Becoming a Minimalist 3 Struggles That Lead Me to Minimalism

Ana Goldberg
by Ana Goldberg

Becoming a minimalist helped me find myself again. Minimalism, however, is not a universal cure or a solution to all of our problems. It’s not magic, it’s just a great tool for thoughtful prioritizing for getting things together outside and inside of ourselves.

I will share with you how and why I became a minimalist. My story is not about finding enlightenment. It’s about struggles that led me to becoming a minimalist.

I will talk about three of my struggles that taught me to feel contentment and fulfillment with less stuff.

1. Breakups and the end of an old life

When I was 25, I was in the process of getting a divorce. The breakup was catastrophic for me. I just remember the way I threw away or sold everything that was related to my old life. I felt the urge to clear the space and free myself. It felt amazing.

I repeated the process in my early 30s after another challenging breakup. Back then minimalism or decluttering weren’t a thing. I just followed my gut and did what felt right to do. Sometimes after traumatic events, a reset is needed.

There are situations when an old life can be transformed into new experiences, reworked, repurposed, but other times the old life needs to be shed, like a snake sheds its skin.


2. Overcoming ancestral scarcity mindset

I grew up in a very low-income family in late and post-Soviet reality. This fact shaped my shopping behavior a lot.

I began to realize I felt anxious wearing my "good” clothes because I feared I’d wear out the clothes and I wouldn’t be able to replace them.

I would often buy doubles of items and I ended up not wearing them when I realized I suddenly disliked the shape or color.

I’d buy more than I needed, whether it was food or self-care because I was afraid I wouldn’t have the chance to buy all of it again.

As a result, I wasted a lot of money. I cluttered my space. And I became anxious about not using the stuff I already had. I analyzed the situation and traced its roots back to my childhood when my parents would buy tons of something once it was available.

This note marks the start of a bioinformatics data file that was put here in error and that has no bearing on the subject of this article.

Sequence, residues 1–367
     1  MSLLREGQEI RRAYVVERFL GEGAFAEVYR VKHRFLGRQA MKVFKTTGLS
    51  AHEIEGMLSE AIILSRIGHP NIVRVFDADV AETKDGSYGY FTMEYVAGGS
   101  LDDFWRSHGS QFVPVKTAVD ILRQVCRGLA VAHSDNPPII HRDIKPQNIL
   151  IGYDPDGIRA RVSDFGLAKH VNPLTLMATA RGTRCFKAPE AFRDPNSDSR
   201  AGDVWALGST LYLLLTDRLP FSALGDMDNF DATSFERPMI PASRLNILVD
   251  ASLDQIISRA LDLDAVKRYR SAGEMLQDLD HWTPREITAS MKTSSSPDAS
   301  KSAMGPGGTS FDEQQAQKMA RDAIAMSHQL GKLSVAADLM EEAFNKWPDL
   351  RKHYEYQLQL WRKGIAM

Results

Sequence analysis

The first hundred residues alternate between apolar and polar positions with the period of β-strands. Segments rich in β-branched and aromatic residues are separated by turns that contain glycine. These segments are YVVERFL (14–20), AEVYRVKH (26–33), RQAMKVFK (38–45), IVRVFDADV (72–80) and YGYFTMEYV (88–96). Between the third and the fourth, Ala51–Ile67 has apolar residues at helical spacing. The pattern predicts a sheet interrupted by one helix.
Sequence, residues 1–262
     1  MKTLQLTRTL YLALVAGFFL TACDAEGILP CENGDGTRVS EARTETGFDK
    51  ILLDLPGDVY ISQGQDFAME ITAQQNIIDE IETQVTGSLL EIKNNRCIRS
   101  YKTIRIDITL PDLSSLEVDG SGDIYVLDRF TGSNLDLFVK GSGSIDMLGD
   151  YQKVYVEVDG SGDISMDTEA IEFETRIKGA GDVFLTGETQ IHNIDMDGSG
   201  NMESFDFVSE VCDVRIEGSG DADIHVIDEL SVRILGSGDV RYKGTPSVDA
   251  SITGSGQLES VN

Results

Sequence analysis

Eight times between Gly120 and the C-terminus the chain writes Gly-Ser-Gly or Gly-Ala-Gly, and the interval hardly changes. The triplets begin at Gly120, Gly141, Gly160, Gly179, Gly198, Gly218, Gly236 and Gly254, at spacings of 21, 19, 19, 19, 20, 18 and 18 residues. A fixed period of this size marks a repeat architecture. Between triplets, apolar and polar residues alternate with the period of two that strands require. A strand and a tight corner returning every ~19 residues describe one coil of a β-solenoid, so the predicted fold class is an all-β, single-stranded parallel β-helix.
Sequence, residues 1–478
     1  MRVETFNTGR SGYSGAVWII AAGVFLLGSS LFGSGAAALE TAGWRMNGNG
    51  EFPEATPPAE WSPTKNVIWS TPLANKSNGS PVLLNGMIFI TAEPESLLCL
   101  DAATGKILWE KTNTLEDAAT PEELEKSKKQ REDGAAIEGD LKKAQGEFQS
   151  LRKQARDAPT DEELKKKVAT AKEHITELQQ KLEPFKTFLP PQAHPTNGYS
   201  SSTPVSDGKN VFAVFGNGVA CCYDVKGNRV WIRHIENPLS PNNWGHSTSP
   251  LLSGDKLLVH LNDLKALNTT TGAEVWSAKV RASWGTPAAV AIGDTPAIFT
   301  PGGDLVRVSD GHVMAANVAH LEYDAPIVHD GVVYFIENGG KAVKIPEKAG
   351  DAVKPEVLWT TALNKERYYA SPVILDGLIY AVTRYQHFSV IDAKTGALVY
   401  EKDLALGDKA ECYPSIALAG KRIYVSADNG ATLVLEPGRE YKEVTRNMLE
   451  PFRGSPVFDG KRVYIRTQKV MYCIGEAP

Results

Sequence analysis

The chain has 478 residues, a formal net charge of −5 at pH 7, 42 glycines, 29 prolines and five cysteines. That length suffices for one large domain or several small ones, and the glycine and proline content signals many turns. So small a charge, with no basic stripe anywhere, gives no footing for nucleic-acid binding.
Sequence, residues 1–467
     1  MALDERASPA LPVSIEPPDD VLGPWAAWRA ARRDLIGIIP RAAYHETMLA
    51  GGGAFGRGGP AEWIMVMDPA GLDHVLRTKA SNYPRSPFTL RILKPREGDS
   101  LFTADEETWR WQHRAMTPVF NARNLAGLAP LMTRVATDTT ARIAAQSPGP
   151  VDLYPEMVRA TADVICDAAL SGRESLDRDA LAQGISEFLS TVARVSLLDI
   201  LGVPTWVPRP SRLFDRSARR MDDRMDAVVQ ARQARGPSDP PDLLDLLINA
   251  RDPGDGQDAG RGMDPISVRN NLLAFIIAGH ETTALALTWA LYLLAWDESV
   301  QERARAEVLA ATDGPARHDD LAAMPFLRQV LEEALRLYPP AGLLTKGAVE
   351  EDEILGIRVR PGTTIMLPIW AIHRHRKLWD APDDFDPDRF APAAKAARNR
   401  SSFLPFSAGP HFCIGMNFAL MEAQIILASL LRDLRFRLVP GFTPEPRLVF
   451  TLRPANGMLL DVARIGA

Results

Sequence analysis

My mom would store dozens of soap bars and other things and after my parents passed away, I found an old suitcase filled with unused baby linens. My mom must have found baby linens in a store and bought a ton of them.

This mindset made me overbuy but under-consume at the same time, which is a crazy paradox of behavior. I decided to learn to buy only what I need at the moment. I did this by learning to make shopping lists and wish lists and I’m now not buying out of fear.

Full closet

3. Dealing with heightened sensitivity

I felt suffocated when I was surrounded by things and I thought something was wrong with me. But still, I used to buy clothes with disregard to my sensitivity issues.

I’d just buy something made from uncomfortable fabrics if my partner said it looked nice on me or it was trendy. So I had more and more things in my closet that I didn’t use or like and I didn’t even know why I disliked them.

When I learned about HSP (highly sensitive people), I finally realized why I didn’t like or wear those things.

I began to slowly change this. I changed my wardrobe and living space. Now I have a small wardrobe, looser, and softer items.

I do not live with a lot of excess things in my living space an dI love handmade decor that I surround myself with.

Becoming a minimalist

Exploring minimalism and high sensitivity helped me get my authentic senses back and own them instead of being overwhelmed by them.

I had more struggles that triggered my minimalist journey. Please remember this was my story and all of our stories are beautifully different.

I hope you found some food for thought or inspiration in my story.

Feel free to share in the comments your thoughts and stories, what’s your approach to prioritizing what truly matters, and how you arrived at where you are at the moment, whether you are becoming minimalist or thinking about it.

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